Reading the DMG I'm confused by the encounter difficulty chart. It seems straight forward, but upon really testing it I've found that according to the chart, the very first encounter in Lost Mines of Phandelver (Starter Set for 5e) would be considered deadly! Did I do something wrong, or am I misunderstanding the way this should work?

For example, in the first ecounter there are 4 challenge 1/2 (50 xp) goblins. 50x4 = 200. For a party size of 4, this would be a x2 multiplier (4 enemies vs 3-5 party members) which is 400. According to the encounter chart, at level 1, 100xp is the Deadly value. With the recommended 4 party members that makes the deadly threshold 400. This was in no way a deadly encounter. I'd say at best it is medium. Am I using the charts wrong?


5 Answers 5


Yes it can be that deadly. I blogged about the initial encounter in detail in this post.

The Party

  • Elven Wizard
  • Human Rogue
  • Human Wizard
  • Human Fighter

The Fight

  • Four hours outside of Phandelver the party ran into an ambush set by four goblins.
  • The party roll perception rolls. The goblins rolled various 20s for their stealth check. The Goblins got a surprise round.
  • In the surprise round, the goblins shot arrows taking out both the human wizard and the elven wizard.
  • The Goblins win initiative over everybody except for the downed wizards. They shout a NPC Wagon Driver and the Human Fighter who remain standing.
  • The human rogue starts running towards the goblin shooting his short bow. The human fighter dashes toward the nearest goblin.
  • The Human Wizard rolls a natural 20 on his death check. The Elven Wizards get a successful death check.
  • The next round the goblins focuses on the charging Human Fighter but his high armor class prevents him from being hit.
  • The Human Rogue closes in and kills a goblin with his short bow. The Human Fighter reaches a goblin. The Human Wizard hides. The Elven Wizards continue to roll death checks.
  • The next round the Human Wizard cast sleep causing one more goblin to fall.
  • The remaining two goblins start running away
  • The Human Rogue shot down one, and the Human Fighter kill another goblin.
  • The Fight is over with all goblin down. The Elven Wizard is stabilized.


  • Surprise is important and goblins are good at creating a surprise round due to their high stealth.
  • In general low CR 5e monsters have one special ability they are good at. This can be decisive under the right circumstances.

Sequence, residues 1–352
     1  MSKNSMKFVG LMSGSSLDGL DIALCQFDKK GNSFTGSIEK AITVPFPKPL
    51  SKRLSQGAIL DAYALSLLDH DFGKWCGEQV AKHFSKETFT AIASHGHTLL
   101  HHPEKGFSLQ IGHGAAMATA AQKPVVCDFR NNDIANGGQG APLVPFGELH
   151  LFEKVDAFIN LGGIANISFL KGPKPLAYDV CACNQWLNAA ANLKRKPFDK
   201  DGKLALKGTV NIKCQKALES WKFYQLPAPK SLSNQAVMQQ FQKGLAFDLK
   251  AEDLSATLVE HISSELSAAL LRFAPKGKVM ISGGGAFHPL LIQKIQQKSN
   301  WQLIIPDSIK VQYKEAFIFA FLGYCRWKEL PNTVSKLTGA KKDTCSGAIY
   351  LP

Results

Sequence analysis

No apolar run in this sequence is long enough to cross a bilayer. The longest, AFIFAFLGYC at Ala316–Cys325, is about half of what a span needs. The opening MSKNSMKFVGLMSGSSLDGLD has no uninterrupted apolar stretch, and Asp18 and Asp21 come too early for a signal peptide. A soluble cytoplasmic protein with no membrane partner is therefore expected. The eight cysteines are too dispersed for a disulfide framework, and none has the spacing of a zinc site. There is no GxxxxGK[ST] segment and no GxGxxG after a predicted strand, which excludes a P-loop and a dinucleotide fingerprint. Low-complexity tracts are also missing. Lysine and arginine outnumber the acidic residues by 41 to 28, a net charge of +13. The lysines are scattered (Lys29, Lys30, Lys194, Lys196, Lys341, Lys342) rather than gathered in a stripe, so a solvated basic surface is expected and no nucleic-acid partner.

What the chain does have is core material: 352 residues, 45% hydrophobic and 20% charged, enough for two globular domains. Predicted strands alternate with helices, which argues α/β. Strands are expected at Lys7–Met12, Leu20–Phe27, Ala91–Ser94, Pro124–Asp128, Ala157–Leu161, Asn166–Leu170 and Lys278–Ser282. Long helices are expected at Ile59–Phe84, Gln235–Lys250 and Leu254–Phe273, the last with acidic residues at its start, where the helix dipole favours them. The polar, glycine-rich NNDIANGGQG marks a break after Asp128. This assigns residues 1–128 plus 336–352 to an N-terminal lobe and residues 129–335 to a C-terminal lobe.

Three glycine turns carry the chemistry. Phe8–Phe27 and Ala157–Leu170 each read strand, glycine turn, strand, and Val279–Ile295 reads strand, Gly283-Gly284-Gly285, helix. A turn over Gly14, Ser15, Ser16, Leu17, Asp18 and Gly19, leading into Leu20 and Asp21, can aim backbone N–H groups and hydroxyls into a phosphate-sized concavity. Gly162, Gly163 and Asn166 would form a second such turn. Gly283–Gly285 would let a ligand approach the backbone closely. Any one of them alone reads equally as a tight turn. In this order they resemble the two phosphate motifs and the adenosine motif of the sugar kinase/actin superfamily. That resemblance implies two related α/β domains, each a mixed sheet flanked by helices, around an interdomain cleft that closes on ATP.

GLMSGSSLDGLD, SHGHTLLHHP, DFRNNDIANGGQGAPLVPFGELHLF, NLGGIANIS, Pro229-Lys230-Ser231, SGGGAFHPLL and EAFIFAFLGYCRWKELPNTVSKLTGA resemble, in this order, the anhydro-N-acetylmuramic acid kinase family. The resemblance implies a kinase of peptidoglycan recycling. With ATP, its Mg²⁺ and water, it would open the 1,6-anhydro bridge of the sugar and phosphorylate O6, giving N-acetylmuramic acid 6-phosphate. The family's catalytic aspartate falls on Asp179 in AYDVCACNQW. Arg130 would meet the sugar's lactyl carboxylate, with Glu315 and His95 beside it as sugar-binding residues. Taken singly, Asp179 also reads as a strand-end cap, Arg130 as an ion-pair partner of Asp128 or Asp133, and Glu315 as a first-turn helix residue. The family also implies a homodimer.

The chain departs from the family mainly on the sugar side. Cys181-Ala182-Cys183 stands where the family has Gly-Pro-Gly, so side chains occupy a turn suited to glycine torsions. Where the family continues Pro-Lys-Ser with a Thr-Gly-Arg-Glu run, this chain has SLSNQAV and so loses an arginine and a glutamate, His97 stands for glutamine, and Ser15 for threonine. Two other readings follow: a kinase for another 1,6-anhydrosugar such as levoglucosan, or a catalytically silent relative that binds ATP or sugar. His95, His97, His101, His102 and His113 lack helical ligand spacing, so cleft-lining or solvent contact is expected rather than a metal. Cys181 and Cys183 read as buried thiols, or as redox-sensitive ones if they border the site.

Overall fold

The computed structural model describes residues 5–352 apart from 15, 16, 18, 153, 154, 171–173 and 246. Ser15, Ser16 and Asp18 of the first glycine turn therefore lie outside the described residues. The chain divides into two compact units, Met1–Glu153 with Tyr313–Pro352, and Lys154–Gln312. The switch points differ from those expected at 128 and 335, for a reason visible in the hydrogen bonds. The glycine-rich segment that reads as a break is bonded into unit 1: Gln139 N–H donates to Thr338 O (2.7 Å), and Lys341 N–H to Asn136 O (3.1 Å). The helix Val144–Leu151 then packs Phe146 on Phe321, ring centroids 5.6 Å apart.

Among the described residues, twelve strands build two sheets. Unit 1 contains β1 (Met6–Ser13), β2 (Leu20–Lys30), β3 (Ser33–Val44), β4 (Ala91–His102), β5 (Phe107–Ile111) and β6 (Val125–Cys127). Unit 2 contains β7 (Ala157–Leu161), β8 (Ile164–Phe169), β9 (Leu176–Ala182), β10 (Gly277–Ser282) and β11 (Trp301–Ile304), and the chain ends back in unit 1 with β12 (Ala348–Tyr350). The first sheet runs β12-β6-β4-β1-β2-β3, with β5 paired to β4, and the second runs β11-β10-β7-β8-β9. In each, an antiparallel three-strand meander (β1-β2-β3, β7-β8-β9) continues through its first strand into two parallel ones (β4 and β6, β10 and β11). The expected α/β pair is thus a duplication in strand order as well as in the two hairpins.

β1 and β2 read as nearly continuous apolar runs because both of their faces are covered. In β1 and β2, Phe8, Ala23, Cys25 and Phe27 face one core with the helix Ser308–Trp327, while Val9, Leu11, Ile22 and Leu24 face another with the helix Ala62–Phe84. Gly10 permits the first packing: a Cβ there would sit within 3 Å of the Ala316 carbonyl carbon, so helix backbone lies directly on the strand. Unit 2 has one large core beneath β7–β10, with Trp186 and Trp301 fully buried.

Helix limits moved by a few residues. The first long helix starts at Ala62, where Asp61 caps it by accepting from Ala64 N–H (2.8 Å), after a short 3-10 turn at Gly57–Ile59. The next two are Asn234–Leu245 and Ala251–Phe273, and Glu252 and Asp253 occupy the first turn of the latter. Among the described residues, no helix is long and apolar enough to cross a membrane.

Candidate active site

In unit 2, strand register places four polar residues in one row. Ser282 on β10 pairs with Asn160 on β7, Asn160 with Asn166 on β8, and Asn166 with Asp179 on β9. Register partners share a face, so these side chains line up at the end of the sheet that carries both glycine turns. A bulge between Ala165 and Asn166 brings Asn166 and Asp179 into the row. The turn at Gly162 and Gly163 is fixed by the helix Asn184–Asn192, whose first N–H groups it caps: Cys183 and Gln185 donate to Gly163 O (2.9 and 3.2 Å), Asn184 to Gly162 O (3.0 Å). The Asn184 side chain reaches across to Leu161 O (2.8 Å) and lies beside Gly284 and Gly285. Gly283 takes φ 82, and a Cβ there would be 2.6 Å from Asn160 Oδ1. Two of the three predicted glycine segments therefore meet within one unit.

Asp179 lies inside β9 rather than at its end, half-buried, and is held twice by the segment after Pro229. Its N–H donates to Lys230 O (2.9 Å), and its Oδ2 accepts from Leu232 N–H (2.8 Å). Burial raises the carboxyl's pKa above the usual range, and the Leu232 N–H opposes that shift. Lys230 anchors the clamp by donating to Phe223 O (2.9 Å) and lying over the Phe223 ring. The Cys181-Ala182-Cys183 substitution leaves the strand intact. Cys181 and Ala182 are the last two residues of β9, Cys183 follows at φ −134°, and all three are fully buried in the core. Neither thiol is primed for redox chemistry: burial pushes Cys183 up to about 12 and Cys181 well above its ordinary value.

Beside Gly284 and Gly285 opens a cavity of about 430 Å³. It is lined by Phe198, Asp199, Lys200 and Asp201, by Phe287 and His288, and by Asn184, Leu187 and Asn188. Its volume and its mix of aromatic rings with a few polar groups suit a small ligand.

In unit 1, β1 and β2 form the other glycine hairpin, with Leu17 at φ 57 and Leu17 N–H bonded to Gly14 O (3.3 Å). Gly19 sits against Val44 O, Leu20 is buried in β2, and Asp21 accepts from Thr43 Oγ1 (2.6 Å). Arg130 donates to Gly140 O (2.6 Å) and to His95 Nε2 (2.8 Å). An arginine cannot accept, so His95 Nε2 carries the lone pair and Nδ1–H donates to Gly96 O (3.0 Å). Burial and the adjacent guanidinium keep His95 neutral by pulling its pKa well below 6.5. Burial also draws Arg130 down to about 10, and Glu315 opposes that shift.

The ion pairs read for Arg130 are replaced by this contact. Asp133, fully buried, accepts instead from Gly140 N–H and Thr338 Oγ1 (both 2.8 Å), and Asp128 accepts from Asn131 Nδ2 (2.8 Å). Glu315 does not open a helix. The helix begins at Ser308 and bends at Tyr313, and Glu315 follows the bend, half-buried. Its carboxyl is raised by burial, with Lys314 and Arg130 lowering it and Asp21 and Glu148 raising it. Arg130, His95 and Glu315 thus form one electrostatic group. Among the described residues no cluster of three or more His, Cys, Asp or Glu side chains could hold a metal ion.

• Quantity is also a decisive advantage. For another group with 8 PCs I ran this encounter with 8 goblins. The goblins were completely outclassed even with surprise. It is my opinion that the multiplier for number of opponents needs to be used for the party size as well. In subsequent session it is obvious that doubling the monster does not provide the same challenge if you double of the number of PCs. It wasn't until I increase the difficultly to four times the original I was able to get comparable results for the eight PC group as I did for the four PC group.
  • 5e combat is highly situational. Different plans, different terrains, different initial conditions can produce widely varying results. The result is that small differences in CR don't mean much. Only when the numbers are increased from 50% or 100% on either side the differences become decisive.
  • 5e rewards system mastery but there is less to master. And because of 5e combat sensitivity to circumstances, there is no combinations of abilities that make for an instant win.
  • The use of a d20 and the flat probability curve means that a run of bad or inferior dice rolls can and will happen. The same with a run of superior dice roll. In combination with 5e's sensitivity to situational factors this means results can vary wildly from group to group even when using the same PCs.

In general the book works great for four man parties. Try running a few encounter with a four man party, Phandelver is good for this to get a feel of how 5e combat is supposed to be like. Then for a larger group, increase your encounter size by 25% increments until you get the same feel as the smaller group.

  • 2
    \$\begingroup\$ "It is my opinion that the multiplier for number of opponents needs to be used for the party size as well." From the DM Basic Rules, p57, under "Party Size:" "If the party contains six or more characters, use the next lowest multiplier on the table. Use a multiplier of 0.5 for a single monster." These rules do still list that encounter as Deadly, though. Did you focus fire with the 8 goblins? Maybe the adjustment in the rules still isn't enough. \$\endgroup\$ Commented Dec 12, 2014 at 15:02
  • 9